HJP: That resilience sounds more needed than ever right now. Can you share some of the personal or professional barriers you’ve faced since the beginning of the pandemic?
KS: Professionally, 2020 threw us a lot of curveballs. I made the tough decision to close down all stores in March 2020, and I don’t know if I slept the entire week. We had to get very creative and focus on what customers needed, so we launched curbside pickup and AR virtual try-on features and hosted thousands of virtual styling appointments where our retail employees still had the opportunity to work by introducing new collections online. All of this enabled us to act like a startup again with that sleeves-up, collaborative feeling of throwing things against the wall to see what sticks.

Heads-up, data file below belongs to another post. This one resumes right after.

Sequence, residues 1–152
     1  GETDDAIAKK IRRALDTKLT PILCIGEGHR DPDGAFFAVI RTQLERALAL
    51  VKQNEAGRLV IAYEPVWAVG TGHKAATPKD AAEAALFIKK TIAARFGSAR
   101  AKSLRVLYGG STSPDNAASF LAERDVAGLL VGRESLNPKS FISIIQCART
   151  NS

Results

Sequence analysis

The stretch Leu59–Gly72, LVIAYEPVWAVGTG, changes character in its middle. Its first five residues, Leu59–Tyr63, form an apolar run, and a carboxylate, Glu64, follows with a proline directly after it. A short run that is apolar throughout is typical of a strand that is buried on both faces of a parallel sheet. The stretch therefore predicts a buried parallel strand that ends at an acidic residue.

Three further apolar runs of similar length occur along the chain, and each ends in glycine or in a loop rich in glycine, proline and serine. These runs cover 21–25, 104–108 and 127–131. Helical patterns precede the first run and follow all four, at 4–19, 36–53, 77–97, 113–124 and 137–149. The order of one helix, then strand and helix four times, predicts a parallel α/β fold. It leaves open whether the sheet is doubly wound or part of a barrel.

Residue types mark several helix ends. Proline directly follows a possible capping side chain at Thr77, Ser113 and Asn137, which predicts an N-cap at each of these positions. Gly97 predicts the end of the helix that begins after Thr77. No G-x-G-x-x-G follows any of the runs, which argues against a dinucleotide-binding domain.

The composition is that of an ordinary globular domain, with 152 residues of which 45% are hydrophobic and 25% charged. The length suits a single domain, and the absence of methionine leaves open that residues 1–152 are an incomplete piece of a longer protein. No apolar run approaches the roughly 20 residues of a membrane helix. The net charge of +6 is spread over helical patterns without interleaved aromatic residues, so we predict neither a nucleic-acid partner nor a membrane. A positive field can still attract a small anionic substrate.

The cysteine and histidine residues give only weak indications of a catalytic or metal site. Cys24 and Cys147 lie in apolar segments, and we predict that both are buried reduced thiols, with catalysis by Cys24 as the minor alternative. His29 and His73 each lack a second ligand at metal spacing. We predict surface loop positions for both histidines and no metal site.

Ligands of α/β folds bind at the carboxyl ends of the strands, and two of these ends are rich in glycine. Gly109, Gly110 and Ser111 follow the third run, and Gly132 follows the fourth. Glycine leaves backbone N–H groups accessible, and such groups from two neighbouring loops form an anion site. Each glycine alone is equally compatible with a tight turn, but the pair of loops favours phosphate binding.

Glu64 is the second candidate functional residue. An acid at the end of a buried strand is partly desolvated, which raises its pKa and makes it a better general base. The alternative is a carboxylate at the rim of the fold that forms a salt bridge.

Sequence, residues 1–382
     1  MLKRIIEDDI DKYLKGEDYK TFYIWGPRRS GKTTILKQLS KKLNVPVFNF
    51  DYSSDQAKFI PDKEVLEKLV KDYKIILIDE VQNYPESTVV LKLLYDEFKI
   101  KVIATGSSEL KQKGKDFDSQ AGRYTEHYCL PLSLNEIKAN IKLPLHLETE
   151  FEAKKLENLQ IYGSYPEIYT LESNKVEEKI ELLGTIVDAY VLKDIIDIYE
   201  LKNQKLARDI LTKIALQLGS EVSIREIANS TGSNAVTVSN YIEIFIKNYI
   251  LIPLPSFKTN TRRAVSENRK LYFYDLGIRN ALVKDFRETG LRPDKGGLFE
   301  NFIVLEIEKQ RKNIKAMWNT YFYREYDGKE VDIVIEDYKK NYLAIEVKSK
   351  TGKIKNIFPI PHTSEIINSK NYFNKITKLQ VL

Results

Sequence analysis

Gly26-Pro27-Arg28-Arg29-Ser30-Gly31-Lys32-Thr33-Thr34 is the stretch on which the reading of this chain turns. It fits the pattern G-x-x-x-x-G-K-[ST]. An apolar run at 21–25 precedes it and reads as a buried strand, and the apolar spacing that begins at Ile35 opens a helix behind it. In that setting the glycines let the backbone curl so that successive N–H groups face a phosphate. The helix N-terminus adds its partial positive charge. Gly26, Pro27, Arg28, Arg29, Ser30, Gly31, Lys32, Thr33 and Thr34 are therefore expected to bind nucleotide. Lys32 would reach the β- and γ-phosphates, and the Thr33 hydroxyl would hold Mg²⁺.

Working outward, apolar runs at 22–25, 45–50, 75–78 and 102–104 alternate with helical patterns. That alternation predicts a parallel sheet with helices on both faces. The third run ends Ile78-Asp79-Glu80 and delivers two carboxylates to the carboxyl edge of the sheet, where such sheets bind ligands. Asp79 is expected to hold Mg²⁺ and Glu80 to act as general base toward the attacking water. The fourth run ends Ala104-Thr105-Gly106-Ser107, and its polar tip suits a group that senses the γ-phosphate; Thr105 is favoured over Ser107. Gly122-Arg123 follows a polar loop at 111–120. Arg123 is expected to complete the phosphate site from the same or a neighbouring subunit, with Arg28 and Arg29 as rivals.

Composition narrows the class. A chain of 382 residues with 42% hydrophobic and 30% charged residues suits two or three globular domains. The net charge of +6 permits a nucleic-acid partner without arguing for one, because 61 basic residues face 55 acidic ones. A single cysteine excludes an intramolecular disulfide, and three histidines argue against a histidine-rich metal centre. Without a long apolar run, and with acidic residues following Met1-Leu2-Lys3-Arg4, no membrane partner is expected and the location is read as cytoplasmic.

The biggest thing for me was staying true to our core values: When I think about my brand over 19 years, my core value is being a mom first; I created a business that treated my customers and employees like family. Our second value is creating attainable products to surprise and delight, and the third value is giving back. During the pandemic, we hosted thousands of Kendra Gives Back events online and donated over 5 million meals to Feeding America. We got super clear on our values, and that’s what every entrepreneur needs to remember: don’t sway from your values because they are the north star that will guide you through the roughest waters.
HJP: How were you able to personally cultivate some of those core values while processing everything that happened over the past year?
KS: 2020 was a crazy year both personally and professionally. I’m a mother of three boys, so I juggled homeschool, Zoom business meetings and I went through a divorce in 2020. My father had two heart attacks, so I started 2020 by getting him into the hospital and he stayed there until we had to bring him home to live with me during lockdown. From a personal standpoint, I went through a lot, but my Kendra Scott fam is also my family and being able to get through this so remarkably well with them has just blown my mind.